Apple iCloud to take on Amazon and Google

As expected, Steve Jobs took to the stage Monday at the Apple Worldwide Developer Conference in San Fransico to reveal iCloud, a collection of cloud services designed to work seamlessly with its iOS and MacOS X devices and computers.

Jobs explained that moving from a PC centric to a cloud centric model was necessary in order to simplify getting content onto multiple devices. “Keeping those devices in sync is driving us crazy,” admitted Jobs.

The free iCloud service will ensure that content from all Apple devices, such as photos taken on an iPhone, will be automatically uploaded to the cloud and then pushed back down to other Apple devices such as an iPad, without any need for user interaction.

The former MobileMe services – Contacts, Calendar and Mail have been re-architected to work with iCloud, while all App Store and iBook store purchases will be distributed to all devices, up to a maximum of ten, not just the one the purchase was made on.

iCloud will also now sync changes made to any documents created using Apple’s Pages, Numbers and Keynote office apps, and push them out to other devices. Up to 5GBs of storage is offered for free with additional storage available to buy. Meanwhile, the Photo Stream service will push pictures taken on an iPhone to other devices, storing photos in the cloud for 30 days.

iTunes in the Cloud will for the first time allow previously purchased iTunes music to be downloaded to all devices at no extra cost, as well as new music. A brand new paid for service called iTunes Match will scan all music in your iTunes library and replace it with a 256kbps AAC DRM-free version, which will then be available to stream in a matter of minutes. This is a major advantage over Amazon and Google’s cloud music plays, which require all previously acquired content to be manually uploaded before it can be streamed back to the device, which for large libraries could take weeks. Apple will be charging $24.99 for the privilege however, and as with Amazon and Google’s service it will only be available in the US at this stage.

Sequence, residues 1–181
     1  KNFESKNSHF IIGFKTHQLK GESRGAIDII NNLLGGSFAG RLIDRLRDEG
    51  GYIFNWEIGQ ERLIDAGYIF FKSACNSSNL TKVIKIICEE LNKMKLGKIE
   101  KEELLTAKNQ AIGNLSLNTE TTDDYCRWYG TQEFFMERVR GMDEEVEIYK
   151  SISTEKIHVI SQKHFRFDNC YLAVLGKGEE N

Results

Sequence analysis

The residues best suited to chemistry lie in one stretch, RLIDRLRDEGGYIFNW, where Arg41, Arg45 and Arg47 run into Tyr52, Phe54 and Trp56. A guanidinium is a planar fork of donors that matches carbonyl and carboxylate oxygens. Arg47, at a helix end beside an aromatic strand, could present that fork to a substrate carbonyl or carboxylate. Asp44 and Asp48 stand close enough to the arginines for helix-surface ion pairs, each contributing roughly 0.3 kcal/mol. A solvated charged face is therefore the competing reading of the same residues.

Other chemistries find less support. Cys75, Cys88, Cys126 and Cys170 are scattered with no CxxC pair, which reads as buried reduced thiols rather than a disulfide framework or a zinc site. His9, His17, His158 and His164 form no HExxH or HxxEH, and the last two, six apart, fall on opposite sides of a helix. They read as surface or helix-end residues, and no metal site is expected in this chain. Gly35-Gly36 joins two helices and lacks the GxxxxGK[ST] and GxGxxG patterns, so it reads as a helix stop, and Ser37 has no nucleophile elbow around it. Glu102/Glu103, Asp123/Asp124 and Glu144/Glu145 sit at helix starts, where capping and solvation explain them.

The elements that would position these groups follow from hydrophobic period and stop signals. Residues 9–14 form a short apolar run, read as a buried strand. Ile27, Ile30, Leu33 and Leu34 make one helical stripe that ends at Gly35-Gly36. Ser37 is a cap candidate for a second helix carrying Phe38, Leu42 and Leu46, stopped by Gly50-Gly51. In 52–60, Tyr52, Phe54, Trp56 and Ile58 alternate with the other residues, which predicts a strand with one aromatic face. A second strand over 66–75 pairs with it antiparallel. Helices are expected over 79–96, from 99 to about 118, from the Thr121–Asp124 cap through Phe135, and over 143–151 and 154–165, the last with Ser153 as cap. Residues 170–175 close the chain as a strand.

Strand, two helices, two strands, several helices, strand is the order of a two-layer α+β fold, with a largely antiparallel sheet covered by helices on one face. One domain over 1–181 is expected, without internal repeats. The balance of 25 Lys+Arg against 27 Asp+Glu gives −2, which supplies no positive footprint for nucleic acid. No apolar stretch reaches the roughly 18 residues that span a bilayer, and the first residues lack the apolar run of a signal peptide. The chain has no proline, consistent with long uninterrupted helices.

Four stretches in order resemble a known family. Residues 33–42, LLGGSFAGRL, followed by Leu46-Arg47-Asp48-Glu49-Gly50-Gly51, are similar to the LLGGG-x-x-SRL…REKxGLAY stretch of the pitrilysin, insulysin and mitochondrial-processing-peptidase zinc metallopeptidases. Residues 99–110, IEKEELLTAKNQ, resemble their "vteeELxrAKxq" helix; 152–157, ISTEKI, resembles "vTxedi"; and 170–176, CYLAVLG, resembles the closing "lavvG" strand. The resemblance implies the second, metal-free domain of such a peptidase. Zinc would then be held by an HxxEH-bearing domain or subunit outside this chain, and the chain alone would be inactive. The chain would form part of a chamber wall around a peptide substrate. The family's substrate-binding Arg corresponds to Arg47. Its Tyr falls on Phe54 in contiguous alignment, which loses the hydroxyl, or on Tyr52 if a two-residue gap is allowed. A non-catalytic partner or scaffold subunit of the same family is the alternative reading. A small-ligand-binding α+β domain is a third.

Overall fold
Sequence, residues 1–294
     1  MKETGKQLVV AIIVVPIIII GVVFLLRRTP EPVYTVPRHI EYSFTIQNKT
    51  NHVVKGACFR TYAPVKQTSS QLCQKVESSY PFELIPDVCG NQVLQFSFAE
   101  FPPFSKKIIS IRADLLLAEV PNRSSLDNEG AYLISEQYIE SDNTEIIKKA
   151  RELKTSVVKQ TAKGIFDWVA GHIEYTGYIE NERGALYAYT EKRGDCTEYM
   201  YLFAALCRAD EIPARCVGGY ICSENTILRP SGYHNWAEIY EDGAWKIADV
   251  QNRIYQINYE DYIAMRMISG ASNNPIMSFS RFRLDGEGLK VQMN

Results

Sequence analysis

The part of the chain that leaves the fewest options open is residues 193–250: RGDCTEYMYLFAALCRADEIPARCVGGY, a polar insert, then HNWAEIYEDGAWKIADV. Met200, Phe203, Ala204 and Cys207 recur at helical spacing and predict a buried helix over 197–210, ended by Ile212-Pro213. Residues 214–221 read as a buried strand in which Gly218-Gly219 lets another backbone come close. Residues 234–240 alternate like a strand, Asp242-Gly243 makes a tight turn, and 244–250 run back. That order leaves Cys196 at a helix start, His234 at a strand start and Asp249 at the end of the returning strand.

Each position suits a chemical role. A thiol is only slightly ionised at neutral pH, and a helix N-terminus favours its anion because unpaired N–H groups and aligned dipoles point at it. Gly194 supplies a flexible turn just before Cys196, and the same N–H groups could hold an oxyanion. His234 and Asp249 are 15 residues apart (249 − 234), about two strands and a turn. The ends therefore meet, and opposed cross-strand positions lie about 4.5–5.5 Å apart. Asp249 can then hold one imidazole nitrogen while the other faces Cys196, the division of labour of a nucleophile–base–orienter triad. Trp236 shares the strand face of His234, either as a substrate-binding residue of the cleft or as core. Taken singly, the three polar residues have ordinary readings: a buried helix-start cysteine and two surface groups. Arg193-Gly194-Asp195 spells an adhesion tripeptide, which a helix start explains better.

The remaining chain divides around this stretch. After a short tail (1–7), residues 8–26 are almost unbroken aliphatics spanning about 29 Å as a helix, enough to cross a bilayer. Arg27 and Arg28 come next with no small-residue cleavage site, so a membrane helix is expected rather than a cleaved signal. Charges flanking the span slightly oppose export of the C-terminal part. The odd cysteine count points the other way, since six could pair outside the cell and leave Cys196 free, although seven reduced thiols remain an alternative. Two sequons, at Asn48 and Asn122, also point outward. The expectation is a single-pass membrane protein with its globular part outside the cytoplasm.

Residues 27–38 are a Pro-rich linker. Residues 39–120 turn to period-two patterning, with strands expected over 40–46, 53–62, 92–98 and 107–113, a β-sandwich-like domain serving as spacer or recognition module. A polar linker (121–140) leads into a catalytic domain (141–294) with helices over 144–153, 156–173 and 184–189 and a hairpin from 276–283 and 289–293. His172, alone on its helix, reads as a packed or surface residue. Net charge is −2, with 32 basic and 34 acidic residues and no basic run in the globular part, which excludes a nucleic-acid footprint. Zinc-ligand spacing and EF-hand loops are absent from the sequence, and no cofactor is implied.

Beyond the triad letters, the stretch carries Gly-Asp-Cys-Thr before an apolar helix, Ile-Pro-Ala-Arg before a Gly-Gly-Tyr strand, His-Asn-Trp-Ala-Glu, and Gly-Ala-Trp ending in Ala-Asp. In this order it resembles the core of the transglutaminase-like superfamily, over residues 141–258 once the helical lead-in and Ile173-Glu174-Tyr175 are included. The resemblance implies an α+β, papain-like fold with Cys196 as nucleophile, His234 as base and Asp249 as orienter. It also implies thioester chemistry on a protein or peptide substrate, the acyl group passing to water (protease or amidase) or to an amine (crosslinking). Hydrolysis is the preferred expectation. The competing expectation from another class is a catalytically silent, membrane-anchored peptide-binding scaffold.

The iCloud beta is available immediately to developers and will go public with the release of iOS5 and Mac OS X Lion later this year.

While Apple’s iCloud service is impressive, it is not the first to market with many of these features, with Google and Amazon already launching their cloud plays. However, Giles Cottle, Senior Analyst at Informa Telecoms & Media does not believe that the delay has hurt Apple.

“It’s the fact that iCloud brings all of these features together in a compelling, easy-to-use and intuitive manner – rather than the features themselves – that makes the iCloud proposition. The basic user proposition of cloud services – being able to access your photos, documents, video and music everywhere – is fairly straightforward. But it was always going to take someone like Apple to really educate mass market consumers about the value of cloud-baesd services. We are, it appears, on the cusp of that moment.

“Most crucially, Apple’s tight control of its device ecosystem means that iCloud is much more likely to, as Steve Jobs puts it, “just work”. Apple’s total control of the device and content ecosystem has been heavily criticised in the past, but, if iCloud works as well in practice as it did in today’s demo, it’s a stunning validation of the power of closed ecosystems.”

Apple also announced details of iOS5, which now includes an enhanced notification system that stops system messages interrupting your activities (Apple has reportedly hired the iOS hacker behind the popular MobileNotifier app for jailbroken iPhone devices – Peter Hajas), and closer system integration with Twitter. iMessage will also bring free messaging between all iOS5 devices, mimicking Blackberry Messenger, while iOS5 will also allow first-time set-up and software updates without requiring a connection to a PC.

Finally, Apple said that Mac OS X Lion, offering 250 new features, would be available as an upgrade in July for $25 or £20.99.

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